Mariton: Fall Fruits
by Tim Burris, Preserve Manager. Photos by Carole Mebus.
The Tuesday Morning Nature Walks are back. This week we took a walk along the Main Trail to see a number of things. We even spotted a Bald Eagle before the walk was through. A number of plants are producing fruits that are both interesting and beautiful. The Flowering Dogwood (Cornus florida) fruits have turned scarlet, and the leaves are transitioning to purple.
A very interesting shrub is American Bladdernut (Staphylea trifolia). The fruit of this bush is a three chambered papery pod that houses the seeds. As the seed pod matures, you can hear the seeds rattle inside this structure that reminds me of a Japanese lantern. In college, I had learned to look for this shrub along streams and in bottomlands. The buoyant seed pod is a dispersal adaptation for floating to new areas. However, at Mariton the stand of bladdernut is found near the highest point of the property, and the plants seem quite content there.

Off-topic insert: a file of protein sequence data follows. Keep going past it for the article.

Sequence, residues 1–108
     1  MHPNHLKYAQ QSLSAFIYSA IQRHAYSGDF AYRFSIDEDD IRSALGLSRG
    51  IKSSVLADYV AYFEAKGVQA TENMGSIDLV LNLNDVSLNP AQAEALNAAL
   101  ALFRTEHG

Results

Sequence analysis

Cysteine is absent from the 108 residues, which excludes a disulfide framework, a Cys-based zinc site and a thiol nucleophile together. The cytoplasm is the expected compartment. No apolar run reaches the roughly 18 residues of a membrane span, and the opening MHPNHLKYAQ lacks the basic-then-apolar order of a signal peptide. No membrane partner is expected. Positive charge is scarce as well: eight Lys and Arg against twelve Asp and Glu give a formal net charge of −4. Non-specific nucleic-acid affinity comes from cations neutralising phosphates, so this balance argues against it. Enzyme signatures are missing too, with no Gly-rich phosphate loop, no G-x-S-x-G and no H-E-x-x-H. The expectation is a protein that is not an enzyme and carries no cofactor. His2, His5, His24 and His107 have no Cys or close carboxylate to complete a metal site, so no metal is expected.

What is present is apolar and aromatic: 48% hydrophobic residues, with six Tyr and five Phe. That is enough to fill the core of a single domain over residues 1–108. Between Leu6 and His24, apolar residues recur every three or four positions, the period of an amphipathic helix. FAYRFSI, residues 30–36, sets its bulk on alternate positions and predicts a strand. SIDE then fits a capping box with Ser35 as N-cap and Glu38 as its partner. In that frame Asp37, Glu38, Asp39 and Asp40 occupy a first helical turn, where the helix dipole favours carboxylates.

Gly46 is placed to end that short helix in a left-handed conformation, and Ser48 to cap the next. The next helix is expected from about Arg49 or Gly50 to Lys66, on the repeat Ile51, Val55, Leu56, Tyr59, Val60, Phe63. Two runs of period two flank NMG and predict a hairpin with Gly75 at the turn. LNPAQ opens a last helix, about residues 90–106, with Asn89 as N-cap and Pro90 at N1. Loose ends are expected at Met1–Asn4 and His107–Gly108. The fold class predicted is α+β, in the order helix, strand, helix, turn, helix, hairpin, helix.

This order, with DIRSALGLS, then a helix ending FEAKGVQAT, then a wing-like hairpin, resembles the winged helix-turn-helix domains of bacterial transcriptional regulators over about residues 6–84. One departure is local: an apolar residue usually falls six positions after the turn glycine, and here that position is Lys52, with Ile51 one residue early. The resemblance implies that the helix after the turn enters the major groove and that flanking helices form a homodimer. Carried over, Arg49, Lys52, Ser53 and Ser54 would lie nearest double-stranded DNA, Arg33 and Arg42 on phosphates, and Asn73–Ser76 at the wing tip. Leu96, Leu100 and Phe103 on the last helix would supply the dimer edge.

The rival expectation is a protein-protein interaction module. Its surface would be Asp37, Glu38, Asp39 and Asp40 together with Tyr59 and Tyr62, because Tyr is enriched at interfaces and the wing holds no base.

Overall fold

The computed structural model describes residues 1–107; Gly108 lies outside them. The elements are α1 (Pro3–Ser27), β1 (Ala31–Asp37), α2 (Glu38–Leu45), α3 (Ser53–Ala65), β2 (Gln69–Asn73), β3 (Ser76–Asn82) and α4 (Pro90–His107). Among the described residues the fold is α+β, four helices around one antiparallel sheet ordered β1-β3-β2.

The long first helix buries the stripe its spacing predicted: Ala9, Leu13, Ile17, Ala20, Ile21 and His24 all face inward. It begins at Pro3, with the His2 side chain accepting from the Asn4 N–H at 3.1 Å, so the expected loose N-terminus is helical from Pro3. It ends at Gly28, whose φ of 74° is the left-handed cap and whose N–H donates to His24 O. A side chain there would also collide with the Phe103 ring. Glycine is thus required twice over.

A very common and beautiful shrub at Mariton is the Blackhaw Viburnum (Viburnum prunifolium). The bark is interesting through the winter (reminiscent of Dogwood bark). The flowers are lacy and white in the spring. The fruit, as you can see in these photos, goes through its own autumnal color transitions. Finally the leaves in fall turns the forest’s mid-canopy magenta and pink.
We have a break in the walks next Tuesday, but will resume on October 17.